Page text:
User passwords and updates
Your second hypothesis is almost correct:
B) no password is required when the account is created but if the
password is changed it must still follow password policies.
For this to make sense, please understand that updating a user account password can be accomplished through two seemingly similar, but very distinct operations:
- By setting the password
- This is done by an administrative user
- Typically a permission delegated to helpdesk personnel
- Must adhere to
- Not bound by Password History policy settings
- By changing the password
- This is done by the user
- Typically a part of first authentication attempt after password expiration
- Must comply with Password Policy and
This means, that an Administrator can set your password to
null if your account object permits it (ie.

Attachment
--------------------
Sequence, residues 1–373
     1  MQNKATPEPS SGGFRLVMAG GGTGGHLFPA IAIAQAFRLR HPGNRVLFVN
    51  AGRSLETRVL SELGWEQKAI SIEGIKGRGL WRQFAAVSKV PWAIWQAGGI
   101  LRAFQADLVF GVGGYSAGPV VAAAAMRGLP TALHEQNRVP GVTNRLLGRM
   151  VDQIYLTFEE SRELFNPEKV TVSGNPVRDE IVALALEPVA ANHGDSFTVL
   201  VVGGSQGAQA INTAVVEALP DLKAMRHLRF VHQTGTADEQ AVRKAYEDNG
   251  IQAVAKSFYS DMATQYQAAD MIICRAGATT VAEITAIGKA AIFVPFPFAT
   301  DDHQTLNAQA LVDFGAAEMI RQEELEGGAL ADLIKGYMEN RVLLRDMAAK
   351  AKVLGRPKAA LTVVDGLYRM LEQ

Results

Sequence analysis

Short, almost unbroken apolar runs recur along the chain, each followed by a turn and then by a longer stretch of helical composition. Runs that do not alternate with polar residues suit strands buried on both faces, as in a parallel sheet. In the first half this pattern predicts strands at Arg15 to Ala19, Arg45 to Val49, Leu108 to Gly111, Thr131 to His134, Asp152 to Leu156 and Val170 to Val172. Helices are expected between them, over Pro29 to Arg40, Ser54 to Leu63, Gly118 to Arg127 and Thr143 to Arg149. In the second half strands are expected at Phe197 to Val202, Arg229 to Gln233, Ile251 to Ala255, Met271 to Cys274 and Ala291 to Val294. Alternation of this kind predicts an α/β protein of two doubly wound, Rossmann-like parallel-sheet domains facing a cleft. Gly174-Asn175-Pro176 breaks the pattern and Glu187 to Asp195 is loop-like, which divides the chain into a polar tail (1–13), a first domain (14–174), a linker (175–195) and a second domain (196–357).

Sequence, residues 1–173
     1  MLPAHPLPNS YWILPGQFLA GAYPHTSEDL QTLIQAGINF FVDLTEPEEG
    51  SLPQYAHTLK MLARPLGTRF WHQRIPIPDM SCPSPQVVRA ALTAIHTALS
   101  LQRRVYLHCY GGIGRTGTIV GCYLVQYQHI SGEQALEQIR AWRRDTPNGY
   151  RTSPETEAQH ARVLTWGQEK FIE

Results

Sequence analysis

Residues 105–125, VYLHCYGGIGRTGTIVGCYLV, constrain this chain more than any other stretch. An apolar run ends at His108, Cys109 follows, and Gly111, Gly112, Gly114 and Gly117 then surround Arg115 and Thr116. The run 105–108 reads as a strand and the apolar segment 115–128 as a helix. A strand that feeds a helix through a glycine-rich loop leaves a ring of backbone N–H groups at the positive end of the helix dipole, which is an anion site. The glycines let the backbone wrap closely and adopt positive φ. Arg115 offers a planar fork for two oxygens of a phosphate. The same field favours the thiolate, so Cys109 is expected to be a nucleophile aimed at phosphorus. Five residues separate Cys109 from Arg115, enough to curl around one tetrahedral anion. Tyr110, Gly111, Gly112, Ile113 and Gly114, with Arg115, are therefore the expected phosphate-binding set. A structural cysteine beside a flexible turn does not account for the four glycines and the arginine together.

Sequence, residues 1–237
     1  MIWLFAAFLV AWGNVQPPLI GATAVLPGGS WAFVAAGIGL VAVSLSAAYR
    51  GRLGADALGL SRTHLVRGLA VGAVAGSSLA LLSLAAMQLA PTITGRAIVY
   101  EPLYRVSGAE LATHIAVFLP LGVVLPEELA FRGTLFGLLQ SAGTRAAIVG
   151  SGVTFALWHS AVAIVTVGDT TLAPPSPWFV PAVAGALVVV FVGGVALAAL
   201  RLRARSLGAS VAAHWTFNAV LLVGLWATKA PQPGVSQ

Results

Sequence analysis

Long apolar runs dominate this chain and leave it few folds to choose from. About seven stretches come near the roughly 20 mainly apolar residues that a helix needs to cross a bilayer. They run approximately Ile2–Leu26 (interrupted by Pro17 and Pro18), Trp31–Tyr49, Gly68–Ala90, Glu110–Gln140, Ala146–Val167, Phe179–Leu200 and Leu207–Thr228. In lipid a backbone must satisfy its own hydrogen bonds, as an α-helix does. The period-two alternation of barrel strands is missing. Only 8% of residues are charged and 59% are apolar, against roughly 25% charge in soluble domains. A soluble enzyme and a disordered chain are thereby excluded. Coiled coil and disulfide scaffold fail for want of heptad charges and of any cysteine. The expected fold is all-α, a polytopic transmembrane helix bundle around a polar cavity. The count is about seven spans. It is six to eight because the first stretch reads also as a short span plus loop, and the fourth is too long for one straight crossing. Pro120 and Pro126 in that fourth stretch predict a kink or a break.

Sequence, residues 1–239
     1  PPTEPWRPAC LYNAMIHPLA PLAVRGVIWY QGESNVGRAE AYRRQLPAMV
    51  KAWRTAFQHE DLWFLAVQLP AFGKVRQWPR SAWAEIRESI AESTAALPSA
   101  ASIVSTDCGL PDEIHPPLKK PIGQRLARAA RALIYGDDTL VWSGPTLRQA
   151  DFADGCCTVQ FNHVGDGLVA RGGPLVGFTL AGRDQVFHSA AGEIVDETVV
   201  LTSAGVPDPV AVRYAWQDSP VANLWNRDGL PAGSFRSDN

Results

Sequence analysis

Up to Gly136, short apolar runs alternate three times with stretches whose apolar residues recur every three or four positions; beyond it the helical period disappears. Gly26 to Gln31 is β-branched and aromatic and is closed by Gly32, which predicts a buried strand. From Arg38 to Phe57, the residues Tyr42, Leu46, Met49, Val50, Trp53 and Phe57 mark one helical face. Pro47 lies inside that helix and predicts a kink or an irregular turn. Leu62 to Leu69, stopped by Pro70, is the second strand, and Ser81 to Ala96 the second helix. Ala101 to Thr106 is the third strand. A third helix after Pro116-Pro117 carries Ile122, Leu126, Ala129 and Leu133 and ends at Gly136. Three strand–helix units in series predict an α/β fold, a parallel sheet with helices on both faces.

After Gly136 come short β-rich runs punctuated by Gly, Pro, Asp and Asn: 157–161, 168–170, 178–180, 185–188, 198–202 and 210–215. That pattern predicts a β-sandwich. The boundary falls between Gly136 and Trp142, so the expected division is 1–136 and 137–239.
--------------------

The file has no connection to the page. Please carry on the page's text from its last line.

PASSWD_NOTREQD is set), regardless of the Password Policy that applies and how long it requires passwords to be.
You cannot change your password to
null however, as the "Password Change" implies that you are replacing a password, not unsetting it. Upon changing the password, the new password will be validated against the effective Password Policy.
I think the easiest way to remember, is that Password Policies apply to Passwords -
PASSWD_NOTREQD on the other hand, is a measure of whether you are allowed to not have a password - in which case the policy is no longer relevant.
Is it dangerous?
PASSWORD_NOTREQD might seem like a dangerous flag, but it's not in itself harmful as a lot of mechanisms prevents the usage of
null-passwords (or "blank passwords"). As noted above, users cannot unset their own AD user passwords by default, and Windows (consumer and Server editions alike) will reject password authentication over the network, for users with blank passwords, by default - that means you can only log on from the console.